Yocom, Blake Final Paper

Yocom, Blake Final Paper - Yocom 1 Blake Yocom BIP 394...

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Yocom - 1 - Blake Yocom Professor Syal Final Paper 17 March 2009 The Leader I Plan To Be Introduction What type of leader do I plan to be? This is a daunting question that creates a situation of wishful thinking and predicting the future. No one can truly foresee the type of leader they will become and no one can possibly choose their opportunities or circumstances. Indeed impossible without a roadmap, a guide, a set of principles; an internal compass finding one’s true north. Leadership can be many things to many people in many different environments, but what it requires is an internal driving force, a set of principles and values (read: ethics), and a recognition of weaknesses with action-item plans to address such weaknesses. This philosophy is not arrived at easily, but is only convincing once the quest of finding one’s true north has been attempted, or better yet, achieved. Leadership Countless number of books, films, papers, scholarly journals, classes, workshops, retreats, etc. has attempted to answer a whole range of questions pertaining to leadership. After decades of research and dead-end debates, the answer was always available. It is as
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simple as finding yourself; finding your ‘true north.’ In Bill George’s True North , the notion that the answer to leadership lies within each individual is represented by the “internal compass.” People thrive in leadership capacities if and when they identify where this compass is pointing and how they act on self-identified strengths and passions, and mitigate their weaknesses. Along with finding and controlling this inner compass, one can look to the universal principles of leadership. In previous works, I was able to identify five attributes that can be found across leadership generations. These include: Character, Vision, Drive, Self-discipline, and Competence. True leadership’s very foundation of which everything else is derived is character. There are dozens of definitions of character, the one superior and applicable to the foundation for leadership is: “Qualities of honesty, courage, or the like; integrity.” Without a foundation built upon and encompassing these qualities, the vision is askew, the drive is misdirected, the self-discipline is absent, and the competence is dangerous. Leadership is not self-driven or self-loathing; it is about others. Dwight Eisenhower once said, “Leadership is the art of getting someone else to do something you want done because he wants to do it.” Character-based leaders do not set goals for themselves, rather their organization. They do not lead for the sake of leading, rather for the fulfillment of their followers’ needs and dreams. They do not seek out followers, rather they exemplify the universal traits and followers come naturally. The traits must be exercised sincerely and genuinely in an ethical fashion. Ethics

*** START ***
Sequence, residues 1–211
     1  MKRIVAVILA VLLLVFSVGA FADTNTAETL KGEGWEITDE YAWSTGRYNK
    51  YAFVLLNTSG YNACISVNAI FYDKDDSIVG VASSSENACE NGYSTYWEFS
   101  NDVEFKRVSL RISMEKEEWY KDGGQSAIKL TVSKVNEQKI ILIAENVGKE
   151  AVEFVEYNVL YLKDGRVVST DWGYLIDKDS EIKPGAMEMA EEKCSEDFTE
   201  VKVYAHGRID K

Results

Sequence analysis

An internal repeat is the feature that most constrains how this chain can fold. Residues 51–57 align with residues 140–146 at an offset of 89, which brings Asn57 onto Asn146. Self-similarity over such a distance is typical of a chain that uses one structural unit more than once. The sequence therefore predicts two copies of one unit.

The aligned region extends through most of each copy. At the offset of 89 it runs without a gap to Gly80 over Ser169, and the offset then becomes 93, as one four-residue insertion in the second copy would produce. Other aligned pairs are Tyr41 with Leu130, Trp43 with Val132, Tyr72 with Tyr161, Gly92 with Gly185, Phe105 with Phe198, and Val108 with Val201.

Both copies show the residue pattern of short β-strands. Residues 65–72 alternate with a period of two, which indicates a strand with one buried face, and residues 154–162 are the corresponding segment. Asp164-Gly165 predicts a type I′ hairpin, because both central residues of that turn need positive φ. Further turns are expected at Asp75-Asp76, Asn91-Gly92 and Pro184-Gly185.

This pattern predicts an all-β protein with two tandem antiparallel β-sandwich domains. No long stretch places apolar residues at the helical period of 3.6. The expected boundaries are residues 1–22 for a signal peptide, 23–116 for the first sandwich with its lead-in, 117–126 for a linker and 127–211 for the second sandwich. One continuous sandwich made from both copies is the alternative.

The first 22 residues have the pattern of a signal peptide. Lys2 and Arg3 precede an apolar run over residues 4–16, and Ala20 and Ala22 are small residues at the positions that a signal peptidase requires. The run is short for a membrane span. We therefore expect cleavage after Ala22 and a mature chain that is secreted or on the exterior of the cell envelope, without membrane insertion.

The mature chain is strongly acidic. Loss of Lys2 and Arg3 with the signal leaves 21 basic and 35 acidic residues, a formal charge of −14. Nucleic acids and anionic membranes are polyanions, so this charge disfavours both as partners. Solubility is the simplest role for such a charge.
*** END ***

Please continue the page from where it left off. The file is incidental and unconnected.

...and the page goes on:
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Yocom, Blake Final Paper - Yocom 1 Blake Yocom BIP 394...

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